The Wildcat in World War II
During the last part of the nineteen thirties, the U.S. Navy was in the process of replacing its biplanes with higher performing monoplanes. The Curtiss SBC “Helldiver” dive bomber was being replaced by the Vought Sikorsky SB2U “Vindicator”, and the Martin T4M’s were being replaced by the Douglas TBD-1 “Devastator” monoplanes. Grumman’s last biplane, the F3F-2, was just entering service when the decision was made to equip Navy fighter squadrons with monoplanes. The first monoplane, the Brewster F2A-1, later known as the Buffalo, was entering service when Grumman’s biplane competitor, the F4F-1, was redesigned, becoming the XF4F-2 Wildcat monoplane. The F4F-2 proved to be a much better airplane, and the production model, the F4F-3, was produced in quantity, with the F2A-1 taking a back seat, although quite a few were issued to Marine Corps units. During the early part of the war F2A’s were used in combat against the Japanese, but they were no match against the Mitsubishi A6M-2 Zero fighters which were now being used by the Japanese Navy.
The Wildcat in World War II author, Barrett Tillman, is a specialist in the history of Naval Aviation, having written several books on the history of such aircraft as the Douglas SBD, the Grumman F6F Hellcat, and the Vought F8 Crusader, not to mention many articles on the subject of naval aviation. He is a pilot, and an interesting person to talk to. I met him at an IPMS convention in Phoenix a few years ago, and actually that was when I acquired a copy of his book on the Wildcat. Tillman had contact with many of the main characters in the book, and in fact my copy of the book was personally signed by Maj. Joseph Foss USMC, the Marine Corps leading Wildcat ace with 26 victories. Tillman’s background was very useful, as it is refreshing to read a book on aviation history written by a pilot who understands what is going on when an airplane leaves the ground. When a writer doesn’t have this background, this becomes very obvious to those of us who fly.
The Wildcat has an interesting developmental history, with such issues as powerplant, armor protection, armament, airframe weight, and wing folding becoming important as the airplane was developed. In addition, when comparing it with the enemy’s competition, the Zero, the Wildcat had certain advantages and disadvantages that were usually compensated for by pilot training. The Zero had much less power and had no armor plate protecting the pilot or vital components, giving it much better performance in turns and climbs, whereas the Wildcat was much heavier, more powerful, and less maneuverable. It also was inferior in rate of climb so pilots developed tactics that overcame these disadvantages. Navy pilots were able to use the airplane successfully against the Japanese, and part of this was because American pilots were being trained more efficiently, whereas the Japanese were losing aircrews and they were not able to train enough replacement pilots to even the score. Later, the airplane became even heavier when folding wings were added in the F4F-4 version. Once the wildcat had become the Navy’s standard shipboard fighter, its successor, the F6F Hellcat, was under development, solving most of the performance problems associated with the F4F. At that point, the Navy directed Grumman to shift its major production facilities to the F6F, meanwhile keeping the F4F in production by General Motors as the FM-1. Upgrading of this design resulted in the FM-2, which served the Navy’s carrier forces until the end of the war, although they were mostly used on escort carriers, and not in the aerial superiority role.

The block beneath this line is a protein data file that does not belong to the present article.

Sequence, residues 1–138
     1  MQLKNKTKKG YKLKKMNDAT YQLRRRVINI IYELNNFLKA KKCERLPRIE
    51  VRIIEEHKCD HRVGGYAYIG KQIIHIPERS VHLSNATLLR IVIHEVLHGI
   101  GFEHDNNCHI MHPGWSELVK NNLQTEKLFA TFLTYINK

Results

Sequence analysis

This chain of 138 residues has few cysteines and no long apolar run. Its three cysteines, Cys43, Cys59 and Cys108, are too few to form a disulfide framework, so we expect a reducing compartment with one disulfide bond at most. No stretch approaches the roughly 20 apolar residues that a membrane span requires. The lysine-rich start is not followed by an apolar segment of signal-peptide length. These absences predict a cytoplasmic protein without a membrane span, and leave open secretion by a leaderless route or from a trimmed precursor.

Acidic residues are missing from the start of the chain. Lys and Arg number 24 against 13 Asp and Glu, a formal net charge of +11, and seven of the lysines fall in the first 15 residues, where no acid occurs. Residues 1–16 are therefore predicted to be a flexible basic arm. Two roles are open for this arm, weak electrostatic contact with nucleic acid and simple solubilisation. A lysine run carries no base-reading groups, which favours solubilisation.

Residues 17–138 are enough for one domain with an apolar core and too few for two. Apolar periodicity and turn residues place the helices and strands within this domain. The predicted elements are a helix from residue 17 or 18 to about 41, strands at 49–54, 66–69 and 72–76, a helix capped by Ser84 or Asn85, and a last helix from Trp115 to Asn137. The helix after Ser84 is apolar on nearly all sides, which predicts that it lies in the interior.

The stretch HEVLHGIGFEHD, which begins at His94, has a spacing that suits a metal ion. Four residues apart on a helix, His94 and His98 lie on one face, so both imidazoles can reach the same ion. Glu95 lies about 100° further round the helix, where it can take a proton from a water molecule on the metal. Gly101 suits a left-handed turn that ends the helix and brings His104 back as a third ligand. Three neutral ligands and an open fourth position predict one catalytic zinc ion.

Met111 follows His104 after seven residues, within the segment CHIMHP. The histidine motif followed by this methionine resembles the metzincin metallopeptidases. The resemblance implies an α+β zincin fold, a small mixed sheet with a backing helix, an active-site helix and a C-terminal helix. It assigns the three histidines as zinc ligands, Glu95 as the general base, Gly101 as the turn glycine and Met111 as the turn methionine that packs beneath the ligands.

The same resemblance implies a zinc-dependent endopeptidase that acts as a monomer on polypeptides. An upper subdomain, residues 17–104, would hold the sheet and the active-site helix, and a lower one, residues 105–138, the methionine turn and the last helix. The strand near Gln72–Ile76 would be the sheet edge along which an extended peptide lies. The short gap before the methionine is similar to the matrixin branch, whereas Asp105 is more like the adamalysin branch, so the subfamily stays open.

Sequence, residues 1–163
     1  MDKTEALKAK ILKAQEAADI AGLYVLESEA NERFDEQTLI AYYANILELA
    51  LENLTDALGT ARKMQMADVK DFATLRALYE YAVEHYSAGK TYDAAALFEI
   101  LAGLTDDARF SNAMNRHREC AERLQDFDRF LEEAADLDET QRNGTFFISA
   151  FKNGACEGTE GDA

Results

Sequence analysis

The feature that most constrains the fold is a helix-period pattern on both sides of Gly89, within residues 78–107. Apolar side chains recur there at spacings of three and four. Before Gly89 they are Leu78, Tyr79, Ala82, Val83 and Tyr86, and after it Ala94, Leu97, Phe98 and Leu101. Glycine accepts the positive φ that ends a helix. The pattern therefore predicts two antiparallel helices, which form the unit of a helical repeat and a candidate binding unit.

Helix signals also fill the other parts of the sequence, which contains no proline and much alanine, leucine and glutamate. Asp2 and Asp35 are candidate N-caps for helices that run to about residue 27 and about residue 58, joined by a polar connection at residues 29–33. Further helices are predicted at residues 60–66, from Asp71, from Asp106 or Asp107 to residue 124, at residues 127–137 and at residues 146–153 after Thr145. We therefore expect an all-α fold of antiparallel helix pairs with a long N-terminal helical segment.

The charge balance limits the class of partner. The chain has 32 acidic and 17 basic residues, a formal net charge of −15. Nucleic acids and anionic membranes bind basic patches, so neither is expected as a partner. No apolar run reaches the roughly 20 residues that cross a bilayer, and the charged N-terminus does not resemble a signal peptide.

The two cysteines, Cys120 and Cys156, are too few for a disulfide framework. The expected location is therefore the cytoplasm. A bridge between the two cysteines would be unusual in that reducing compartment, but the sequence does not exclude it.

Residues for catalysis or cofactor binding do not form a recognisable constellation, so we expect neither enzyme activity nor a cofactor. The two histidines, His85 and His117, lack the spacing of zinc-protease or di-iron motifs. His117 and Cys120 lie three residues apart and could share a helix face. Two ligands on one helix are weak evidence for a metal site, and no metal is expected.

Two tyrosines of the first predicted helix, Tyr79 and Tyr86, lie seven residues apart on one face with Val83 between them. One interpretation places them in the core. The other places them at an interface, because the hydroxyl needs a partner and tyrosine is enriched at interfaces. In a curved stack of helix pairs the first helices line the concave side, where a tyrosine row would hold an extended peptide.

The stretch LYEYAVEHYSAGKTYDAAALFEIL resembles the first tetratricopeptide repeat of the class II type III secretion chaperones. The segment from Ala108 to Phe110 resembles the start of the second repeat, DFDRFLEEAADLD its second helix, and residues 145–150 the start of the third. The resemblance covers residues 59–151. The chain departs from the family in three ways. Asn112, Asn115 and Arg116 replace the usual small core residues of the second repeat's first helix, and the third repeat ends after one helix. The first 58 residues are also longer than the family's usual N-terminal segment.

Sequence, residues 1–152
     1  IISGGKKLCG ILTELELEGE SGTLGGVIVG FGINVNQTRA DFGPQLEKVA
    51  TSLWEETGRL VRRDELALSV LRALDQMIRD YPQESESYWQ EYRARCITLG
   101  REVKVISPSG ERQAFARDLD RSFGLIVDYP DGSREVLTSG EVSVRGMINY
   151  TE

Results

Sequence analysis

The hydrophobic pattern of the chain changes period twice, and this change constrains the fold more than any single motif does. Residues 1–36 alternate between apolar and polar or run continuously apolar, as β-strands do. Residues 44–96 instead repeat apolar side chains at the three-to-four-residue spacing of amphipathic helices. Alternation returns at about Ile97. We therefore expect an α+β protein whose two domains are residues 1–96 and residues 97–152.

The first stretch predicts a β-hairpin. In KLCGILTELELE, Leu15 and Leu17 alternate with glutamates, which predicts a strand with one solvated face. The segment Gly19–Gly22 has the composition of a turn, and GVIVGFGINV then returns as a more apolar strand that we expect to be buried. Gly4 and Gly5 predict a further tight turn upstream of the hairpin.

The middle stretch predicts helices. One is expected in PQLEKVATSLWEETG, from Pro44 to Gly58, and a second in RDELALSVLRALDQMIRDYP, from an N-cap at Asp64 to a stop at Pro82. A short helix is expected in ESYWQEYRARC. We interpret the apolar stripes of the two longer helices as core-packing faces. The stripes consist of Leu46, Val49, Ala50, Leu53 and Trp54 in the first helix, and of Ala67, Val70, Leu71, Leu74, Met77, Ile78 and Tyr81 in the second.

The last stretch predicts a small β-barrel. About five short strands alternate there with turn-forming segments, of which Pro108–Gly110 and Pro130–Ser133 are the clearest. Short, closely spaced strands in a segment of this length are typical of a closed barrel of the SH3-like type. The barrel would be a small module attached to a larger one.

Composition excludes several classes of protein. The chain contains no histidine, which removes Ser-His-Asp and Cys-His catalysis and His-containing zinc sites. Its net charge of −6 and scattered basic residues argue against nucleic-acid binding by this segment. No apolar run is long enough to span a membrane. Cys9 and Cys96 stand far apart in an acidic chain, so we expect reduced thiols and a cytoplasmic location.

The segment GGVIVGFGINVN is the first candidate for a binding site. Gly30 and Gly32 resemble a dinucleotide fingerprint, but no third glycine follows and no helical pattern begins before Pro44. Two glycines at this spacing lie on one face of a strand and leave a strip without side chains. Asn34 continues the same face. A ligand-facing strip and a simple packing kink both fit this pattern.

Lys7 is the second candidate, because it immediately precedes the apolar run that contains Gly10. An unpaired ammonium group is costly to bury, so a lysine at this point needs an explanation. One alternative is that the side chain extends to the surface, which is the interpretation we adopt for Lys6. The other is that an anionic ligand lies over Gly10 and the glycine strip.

The book contains ten chapters, outlining the development of the F4F and its subsequent career. The F4F made its mark at the battles of Coral Sea and Midway, and later as a land based fighter at Guadalcanal and the Eastern Solomons. As Corsairs and Hellcats were added to the Navy’s inventory, Wildcats took on a secondary role, usually flying from escort carriers in close support of landing operations or in an anti-submarine role. A number were exported, mainly to Britain, where they were used effectively by the Royal Navy. The Marines produced the highest scoring aces, but as time went on, most Navy pilots in first line combat were flying more modern fighters. The book lists the scores of the aces, and also provides an accurate account of the variants of the Wildcat that were produced.
There is even a short account of the postwar career of the Wildcat, as most were removed from service immediately after the end of the war. Most, unfortunately, were scrapped, although I can recall seeing war-surplus Wildcats in the early fifties. This part of the aircraft’s history is not mentioned in the book. I also recall photographing several FM-2’s being used as agricultural sprayers in the Phoenix area in the late fifties, and these are not mentioned either and few people seem to know anything about them.
In short, this is an excellent account of the story or the Wildcat in Navy, Marine Corps, and Royal Navy service. The photos are mainly official photos taken during wartime, and since there is plenty of information on Navy color schemes during this period, the book contains enough information to be useful for a modeler. There is plenty of information available on Navy color schemes, so the information in the book is very useful.
By the way, most sources state that only F4F-4’s and FM-2’s survived with some still being flown, but I saw an F4F-3 at the Oshkosh fly-in in July of 2021. So maybe at least one survived. It looked great!
I have had this book for at least fifteen years, and have found it fascinating reading and very useful in my modeling. It is well written and well illustrated. I would certainly highly recommend it to anyone interested in the development and service use of the Grumman Wildcat. I’m sure that the book is available on line. Get one while you can.